Published 02 07 2012 Marielle Leraand
Ethiopia is a military dictatorship that persecutes and kills dissidents. People "disappear", imprisoned without trial and tortured in prisons. But Norwegian authorities close their eyes shut.
Former International Development Erik Solheim stressed the great economic progress Ethiopia has seen in recent years.
Yes, Erik Solheim, it is actually possible for a country to achieve economic growth of 11% a year without democracy. It is possible to see a thriving business, innovation and balance the state budget, while prisons and torture.
Human Rights Watch and Amnesty International has documented abuses against dissidents increases, and several of those Norwegian immigration authorities have cleared to return, the lists of the Ethiopian intelligence service. Despite these reports of gross violations of human rights and persecution of dissidents, it is unlikely to trouble the Norwegian government to break out of the West "block" and recognize that etparti State Ethiopia is not a leader.
The country's dictator, Meles Zenawi, is just a dictator. Although the Western countries, including the Norwegian coalition government, is allied with this dictator, he is no less dictator of that. Hypocrisy is of course perfectly when we also know that the neighboring country, Eritrea, is regarded as a dictatorship. Any contact with the regime is seen as totally reprehensible. But Eritrea's dictator is a worse dictator than the dictator of Ethiopia?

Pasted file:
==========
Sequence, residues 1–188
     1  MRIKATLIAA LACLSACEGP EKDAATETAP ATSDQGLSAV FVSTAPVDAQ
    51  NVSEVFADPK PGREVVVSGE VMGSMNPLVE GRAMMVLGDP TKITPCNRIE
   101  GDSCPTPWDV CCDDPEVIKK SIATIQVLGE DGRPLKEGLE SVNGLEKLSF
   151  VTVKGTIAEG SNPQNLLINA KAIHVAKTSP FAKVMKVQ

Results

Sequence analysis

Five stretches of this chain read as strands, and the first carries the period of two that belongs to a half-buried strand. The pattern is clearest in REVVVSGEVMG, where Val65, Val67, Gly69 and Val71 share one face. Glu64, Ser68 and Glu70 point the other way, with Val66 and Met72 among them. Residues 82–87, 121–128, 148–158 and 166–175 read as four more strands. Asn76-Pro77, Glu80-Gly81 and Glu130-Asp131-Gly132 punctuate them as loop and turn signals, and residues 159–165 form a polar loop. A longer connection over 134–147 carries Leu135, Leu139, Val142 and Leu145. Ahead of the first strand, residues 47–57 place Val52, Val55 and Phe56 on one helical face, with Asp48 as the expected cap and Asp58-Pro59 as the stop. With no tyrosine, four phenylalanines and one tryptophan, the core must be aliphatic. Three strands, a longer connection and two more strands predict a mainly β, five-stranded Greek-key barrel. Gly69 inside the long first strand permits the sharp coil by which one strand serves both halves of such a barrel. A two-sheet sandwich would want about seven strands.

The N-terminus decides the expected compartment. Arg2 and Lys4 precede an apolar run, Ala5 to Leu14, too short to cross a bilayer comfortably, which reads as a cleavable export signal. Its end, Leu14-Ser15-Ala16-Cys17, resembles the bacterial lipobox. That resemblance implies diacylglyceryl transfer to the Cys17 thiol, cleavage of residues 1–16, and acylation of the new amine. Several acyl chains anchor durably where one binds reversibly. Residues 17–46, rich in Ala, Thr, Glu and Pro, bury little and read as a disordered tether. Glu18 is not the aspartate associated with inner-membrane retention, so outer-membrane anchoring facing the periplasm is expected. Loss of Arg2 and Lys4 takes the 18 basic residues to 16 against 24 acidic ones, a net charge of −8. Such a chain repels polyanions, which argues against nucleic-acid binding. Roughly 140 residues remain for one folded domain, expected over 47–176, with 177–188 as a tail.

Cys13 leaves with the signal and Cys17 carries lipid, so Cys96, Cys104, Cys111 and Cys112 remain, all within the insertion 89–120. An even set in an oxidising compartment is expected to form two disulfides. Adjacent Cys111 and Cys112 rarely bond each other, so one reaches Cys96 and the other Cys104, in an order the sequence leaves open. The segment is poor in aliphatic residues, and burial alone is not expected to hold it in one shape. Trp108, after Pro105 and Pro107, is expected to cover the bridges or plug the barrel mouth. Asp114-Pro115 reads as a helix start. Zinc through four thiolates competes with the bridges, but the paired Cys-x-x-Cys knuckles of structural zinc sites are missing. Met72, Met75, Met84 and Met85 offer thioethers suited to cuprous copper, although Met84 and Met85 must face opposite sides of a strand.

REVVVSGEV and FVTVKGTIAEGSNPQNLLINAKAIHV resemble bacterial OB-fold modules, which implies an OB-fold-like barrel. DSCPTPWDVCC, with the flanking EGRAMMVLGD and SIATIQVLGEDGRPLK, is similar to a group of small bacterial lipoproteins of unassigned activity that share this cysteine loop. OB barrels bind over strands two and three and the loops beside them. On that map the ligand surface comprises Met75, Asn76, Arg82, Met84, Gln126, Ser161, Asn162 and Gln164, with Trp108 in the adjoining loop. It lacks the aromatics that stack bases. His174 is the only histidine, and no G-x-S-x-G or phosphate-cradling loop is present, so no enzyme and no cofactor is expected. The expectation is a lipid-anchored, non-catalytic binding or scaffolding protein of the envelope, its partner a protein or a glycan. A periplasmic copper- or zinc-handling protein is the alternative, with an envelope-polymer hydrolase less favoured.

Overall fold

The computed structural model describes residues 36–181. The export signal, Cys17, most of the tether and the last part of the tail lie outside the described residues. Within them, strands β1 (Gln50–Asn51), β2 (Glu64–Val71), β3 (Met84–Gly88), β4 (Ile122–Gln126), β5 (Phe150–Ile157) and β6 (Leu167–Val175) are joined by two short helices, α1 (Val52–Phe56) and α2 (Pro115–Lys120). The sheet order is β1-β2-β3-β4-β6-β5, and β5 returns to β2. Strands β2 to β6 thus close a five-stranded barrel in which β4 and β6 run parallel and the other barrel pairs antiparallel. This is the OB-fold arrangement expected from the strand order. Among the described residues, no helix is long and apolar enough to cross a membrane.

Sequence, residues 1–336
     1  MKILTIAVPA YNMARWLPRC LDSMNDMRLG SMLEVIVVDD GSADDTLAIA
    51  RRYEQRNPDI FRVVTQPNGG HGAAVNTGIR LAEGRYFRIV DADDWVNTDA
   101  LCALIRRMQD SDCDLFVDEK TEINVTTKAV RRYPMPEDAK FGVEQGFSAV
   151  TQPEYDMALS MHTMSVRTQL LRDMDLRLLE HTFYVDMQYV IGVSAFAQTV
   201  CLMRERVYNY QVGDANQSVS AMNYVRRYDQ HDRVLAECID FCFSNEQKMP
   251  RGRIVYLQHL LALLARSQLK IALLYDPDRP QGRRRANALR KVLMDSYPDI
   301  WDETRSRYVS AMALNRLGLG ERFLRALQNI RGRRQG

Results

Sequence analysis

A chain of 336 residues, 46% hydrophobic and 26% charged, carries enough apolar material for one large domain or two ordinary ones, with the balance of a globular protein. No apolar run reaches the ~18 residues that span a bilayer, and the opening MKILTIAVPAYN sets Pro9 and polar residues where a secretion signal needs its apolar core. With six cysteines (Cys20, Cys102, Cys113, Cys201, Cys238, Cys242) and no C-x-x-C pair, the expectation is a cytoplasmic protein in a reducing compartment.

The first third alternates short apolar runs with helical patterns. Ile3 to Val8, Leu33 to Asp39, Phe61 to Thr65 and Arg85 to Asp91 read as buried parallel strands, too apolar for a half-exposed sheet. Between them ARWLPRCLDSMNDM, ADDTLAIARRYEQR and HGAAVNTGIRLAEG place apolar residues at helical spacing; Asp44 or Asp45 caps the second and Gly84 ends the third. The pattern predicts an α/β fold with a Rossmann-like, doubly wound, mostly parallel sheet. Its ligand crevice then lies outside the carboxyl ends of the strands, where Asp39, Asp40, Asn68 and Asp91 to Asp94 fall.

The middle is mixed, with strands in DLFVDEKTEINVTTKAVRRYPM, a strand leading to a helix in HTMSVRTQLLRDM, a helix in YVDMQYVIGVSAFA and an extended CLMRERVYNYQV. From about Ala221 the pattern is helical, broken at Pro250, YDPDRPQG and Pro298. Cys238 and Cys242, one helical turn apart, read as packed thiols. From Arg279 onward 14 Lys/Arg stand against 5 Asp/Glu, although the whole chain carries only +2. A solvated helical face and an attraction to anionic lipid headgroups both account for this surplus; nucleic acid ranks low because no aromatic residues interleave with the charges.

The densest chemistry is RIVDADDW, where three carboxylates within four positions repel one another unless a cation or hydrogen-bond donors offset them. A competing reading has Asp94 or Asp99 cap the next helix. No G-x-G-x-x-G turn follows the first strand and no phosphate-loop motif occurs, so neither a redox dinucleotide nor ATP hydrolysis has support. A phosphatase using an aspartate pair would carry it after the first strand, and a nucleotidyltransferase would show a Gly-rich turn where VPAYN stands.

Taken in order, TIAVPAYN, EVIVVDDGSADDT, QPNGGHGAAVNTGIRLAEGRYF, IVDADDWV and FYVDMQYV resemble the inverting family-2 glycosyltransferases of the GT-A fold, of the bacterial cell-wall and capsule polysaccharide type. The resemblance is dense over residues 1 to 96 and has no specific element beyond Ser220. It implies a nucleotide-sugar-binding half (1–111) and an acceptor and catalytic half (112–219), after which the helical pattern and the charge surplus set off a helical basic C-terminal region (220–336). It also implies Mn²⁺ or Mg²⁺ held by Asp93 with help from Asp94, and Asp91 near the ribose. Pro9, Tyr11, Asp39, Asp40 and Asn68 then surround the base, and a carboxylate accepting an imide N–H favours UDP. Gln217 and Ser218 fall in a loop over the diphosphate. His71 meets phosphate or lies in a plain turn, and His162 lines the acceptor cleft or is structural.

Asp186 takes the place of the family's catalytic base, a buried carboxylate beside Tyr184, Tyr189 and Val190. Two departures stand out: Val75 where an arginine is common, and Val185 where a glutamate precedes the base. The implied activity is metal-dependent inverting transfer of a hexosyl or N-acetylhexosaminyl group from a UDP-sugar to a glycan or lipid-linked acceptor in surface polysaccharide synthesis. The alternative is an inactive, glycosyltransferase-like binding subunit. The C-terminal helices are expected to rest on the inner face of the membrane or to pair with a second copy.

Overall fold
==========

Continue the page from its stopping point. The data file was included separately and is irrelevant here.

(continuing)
The answer to this question is no. The difference between them is that one dictator is a friend of the West and Norway, while the other is not.
In this connection I would like to challenge the new certified development minister, Heikki Holmås: Have you the courage to change the Norwegian line vis a vis the Ethiopian government?
I would like to challenge you and your coalition friends on three points:
First, the Norwegian authorities have signed a return agreement with the Ethiopian government to ensure that Ethiopia gets a hold of several dissidents living in exile in Norway. Cancel this return the agreement and carry out a new assessment of the cases of those who are set on the return list, where the protection needs of the opposition is taken seriously.
And why not also put pressure on the country to get it to change terrorism laws since 2009 that they use to pursue every soul who organize themselves into something other than the ruling party?
Second: Require that foreign observers access to detention institutions in the country.
Third, the Norwegian aid to Ethiopia used to encourage the serious human rights violations that regime stands for. We have stepped up aid significantly while the regime has increased its attacks against its own population. This sends a signal that Norway, at best, apart from, and at worst, premieres persecution. Norway should stop all aid to the country until conditions are improved for people who are in opposition.
And finally I want to emphasize this: A dictator is a dictator is a dictator. And Norway and the West has many friends among them. Perhaps our new Development will be so honest that he admit that?
And the next time he accepts one of these our friends, it may be a loud and honest: "Welcome Dictator!"